Do I Need Stop Loss and Take Profit?

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Foreign exchange trading volumes rose to a record high in the first three months of 2018, representing a rise of 28% in March 2018, compared to a year ago, according to data released by CLS and published by Reuters. The increase in the FX trading volumes was the result of a rise in volatility from multi-year lows, which drove more traders to buy and sell forex.

The forex market sees trading of a whopping $5.3 trillion each day, which is four times the global GDP. However, recent research also reveals that 99.6% of retail forex traders fail to achieve more than four consecutive profitable quarters. So, regardless of how sound your trading strategy might be, losses are inevitable.

This is why it is crucial to put effective risk management strategies in place. This is the only way you can minimise the risk of losing money. And, some of the most effective risk management strategies are placing well-informed stop loss and take profit orders.

Have you got the hang of applying fundamental analysis? Check out our guide!

Importance of Exit Strategy in Forex Trading

Many traders make the mistake of entering a trade without having any kind of exit strategy. This often ends up with the trader settling for premature profits or facing losses. To minimise losses and lock in profits, traders should know the exits available to them. Take-profit (T/P) and stoploss (S/L) are the most commonly used exit strategies.

However, before using stop loss or take profit, you need to ask yourself a few questions:

  • How long am I planning to be in this trade?
  • How much risk I am willing to bear?
  • At what price do I want to get out?

So, what you need to determine is when and how to place these orders.

Stop Loss

A stop loss order tells the broker to sell a specific asset when it attains a pre-determined price. Stop losses can be set for both long and short positions, taking emotions like fear and greed out of the equation.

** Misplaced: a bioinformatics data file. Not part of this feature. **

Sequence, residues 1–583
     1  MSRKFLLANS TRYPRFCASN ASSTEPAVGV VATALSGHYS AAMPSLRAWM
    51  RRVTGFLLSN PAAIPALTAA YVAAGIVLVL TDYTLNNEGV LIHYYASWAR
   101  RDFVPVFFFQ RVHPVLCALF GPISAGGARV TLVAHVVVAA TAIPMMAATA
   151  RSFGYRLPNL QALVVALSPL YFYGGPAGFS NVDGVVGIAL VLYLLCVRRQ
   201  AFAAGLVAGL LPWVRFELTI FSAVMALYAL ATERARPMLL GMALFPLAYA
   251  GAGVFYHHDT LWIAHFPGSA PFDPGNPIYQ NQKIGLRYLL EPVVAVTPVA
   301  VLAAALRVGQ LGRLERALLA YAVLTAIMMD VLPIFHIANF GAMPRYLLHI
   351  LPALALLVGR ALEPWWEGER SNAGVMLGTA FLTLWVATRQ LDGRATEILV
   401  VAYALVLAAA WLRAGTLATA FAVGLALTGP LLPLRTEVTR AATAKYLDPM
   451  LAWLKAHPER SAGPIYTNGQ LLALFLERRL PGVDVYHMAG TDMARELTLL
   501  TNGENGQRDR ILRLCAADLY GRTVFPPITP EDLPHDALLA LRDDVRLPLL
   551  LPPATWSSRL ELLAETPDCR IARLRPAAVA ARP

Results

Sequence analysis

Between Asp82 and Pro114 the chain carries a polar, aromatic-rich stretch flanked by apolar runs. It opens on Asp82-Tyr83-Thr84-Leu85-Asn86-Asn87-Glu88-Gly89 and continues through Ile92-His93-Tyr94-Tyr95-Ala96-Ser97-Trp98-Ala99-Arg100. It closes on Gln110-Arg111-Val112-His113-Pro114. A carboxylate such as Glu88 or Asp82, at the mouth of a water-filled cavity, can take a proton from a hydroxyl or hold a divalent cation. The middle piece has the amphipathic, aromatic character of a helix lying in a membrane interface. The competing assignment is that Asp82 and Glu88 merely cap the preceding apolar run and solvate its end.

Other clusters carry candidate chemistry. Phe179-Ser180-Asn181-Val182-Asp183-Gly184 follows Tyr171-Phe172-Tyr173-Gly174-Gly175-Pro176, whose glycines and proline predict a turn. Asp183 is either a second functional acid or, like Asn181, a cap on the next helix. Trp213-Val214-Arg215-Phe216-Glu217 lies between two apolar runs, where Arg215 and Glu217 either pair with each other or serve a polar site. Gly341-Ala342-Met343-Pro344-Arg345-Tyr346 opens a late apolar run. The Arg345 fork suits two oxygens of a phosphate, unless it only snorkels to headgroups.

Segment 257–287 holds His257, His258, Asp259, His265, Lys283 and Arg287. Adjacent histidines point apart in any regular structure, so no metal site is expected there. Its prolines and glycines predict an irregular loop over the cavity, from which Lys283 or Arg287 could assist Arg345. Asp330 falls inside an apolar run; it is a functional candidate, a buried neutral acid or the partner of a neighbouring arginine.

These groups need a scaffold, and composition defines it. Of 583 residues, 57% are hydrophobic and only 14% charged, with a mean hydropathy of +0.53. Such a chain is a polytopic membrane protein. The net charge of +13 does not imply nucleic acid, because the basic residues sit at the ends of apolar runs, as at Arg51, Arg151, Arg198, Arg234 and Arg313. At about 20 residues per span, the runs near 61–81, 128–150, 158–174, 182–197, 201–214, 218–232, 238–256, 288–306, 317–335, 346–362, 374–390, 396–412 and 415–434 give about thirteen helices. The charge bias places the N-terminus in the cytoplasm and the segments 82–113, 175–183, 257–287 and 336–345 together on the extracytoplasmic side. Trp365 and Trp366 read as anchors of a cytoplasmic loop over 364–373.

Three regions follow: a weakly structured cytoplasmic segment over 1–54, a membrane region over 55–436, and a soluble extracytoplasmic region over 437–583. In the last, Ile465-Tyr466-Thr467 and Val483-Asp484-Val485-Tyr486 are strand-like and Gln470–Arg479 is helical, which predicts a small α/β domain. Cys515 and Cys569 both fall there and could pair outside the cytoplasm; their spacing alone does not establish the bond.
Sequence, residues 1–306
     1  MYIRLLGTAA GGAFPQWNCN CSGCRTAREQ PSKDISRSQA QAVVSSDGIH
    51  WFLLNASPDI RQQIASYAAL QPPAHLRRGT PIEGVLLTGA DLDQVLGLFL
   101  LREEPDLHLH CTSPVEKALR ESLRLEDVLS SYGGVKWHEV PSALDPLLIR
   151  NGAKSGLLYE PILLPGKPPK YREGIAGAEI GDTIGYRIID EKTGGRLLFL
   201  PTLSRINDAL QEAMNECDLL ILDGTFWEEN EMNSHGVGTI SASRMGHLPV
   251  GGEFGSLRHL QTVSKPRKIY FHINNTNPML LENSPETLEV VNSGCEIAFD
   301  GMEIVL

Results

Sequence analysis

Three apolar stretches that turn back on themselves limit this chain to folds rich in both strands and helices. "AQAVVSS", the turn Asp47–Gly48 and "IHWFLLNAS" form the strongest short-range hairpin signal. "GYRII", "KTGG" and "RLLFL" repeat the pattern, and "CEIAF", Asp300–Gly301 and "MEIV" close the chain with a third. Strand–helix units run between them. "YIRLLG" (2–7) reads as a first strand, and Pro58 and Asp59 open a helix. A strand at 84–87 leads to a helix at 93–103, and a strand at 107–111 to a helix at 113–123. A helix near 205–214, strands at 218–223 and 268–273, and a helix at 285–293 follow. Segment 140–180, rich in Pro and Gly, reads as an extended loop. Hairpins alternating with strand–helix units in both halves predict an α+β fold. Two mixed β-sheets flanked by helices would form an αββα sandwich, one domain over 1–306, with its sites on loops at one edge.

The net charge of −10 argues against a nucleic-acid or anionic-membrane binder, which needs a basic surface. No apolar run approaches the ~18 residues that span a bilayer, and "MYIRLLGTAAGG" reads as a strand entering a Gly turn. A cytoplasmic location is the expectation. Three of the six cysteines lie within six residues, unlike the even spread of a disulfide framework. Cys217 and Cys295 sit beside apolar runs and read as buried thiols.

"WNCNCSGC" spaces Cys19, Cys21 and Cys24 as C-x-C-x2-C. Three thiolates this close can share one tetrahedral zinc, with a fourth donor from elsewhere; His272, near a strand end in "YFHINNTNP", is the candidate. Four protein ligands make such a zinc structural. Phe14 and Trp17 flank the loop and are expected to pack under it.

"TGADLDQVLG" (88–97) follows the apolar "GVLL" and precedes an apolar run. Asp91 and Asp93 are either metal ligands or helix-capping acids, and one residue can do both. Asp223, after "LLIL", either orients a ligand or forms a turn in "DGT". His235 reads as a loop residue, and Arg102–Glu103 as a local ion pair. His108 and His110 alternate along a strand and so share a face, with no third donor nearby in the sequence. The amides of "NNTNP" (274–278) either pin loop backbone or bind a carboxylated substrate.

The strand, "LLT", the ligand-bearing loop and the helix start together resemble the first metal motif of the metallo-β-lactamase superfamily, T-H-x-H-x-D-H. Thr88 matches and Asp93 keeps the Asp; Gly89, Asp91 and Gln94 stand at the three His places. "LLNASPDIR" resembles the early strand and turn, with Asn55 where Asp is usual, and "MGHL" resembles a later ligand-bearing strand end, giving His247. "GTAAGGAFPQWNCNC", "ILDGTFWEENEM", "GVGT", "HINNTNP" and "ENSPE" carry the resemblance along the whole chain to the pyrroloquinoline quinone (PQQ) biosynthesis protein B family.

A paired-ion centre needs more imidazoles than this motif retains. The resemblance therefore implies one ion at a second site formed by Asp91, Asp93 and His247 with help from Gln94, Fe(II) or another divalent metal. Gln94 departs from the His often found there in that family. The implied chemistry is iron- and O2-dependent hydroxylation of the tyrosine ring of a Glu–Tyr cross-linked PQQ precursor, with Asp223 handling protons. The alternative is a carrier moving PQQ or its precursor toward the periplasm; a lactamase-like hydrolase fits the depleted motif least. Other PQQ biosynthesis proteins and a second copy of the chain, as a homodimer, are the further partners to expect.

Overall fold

Now, there are two types of stops that you can set, a static one and a trailing one. The former is when you set a specific price at which your position will be closed and this stop does not change or move until the order is executed. Many who use static stop losses base it on technical indicators and analysis, which is a good idea because then your decision is based on real market information.

While static stop loss is a good option for beginners, as you gain experience, you can try your hand at the trailing option. Here, you can adjust your stops based on whether the market is moving in your favour or not, diminishing downside risk.

Does your trading knowledge measure up? Check out our Learn Forex Basics!

Take Profit

Most forex traders use stop loss in conjunction with take profit orders to manage risks on their open positions. In the case of take profit, the order is executed when the asset reaches a specific price, closing your position for a profit. Together, these two types of orders will define your risk-reward ratio.

By placing a take profit order, you free yourself from having to constantly follow the market, while also taking emotions out of the equation. Again, these orders are placed on the basis of technical indicators and analysis, such as support and resistance levels and chart patterns.

Every forex trade entails both risk and reward. It is important that you assess your own risk appetite before deciding on where to place your stop loss and take profit orders.

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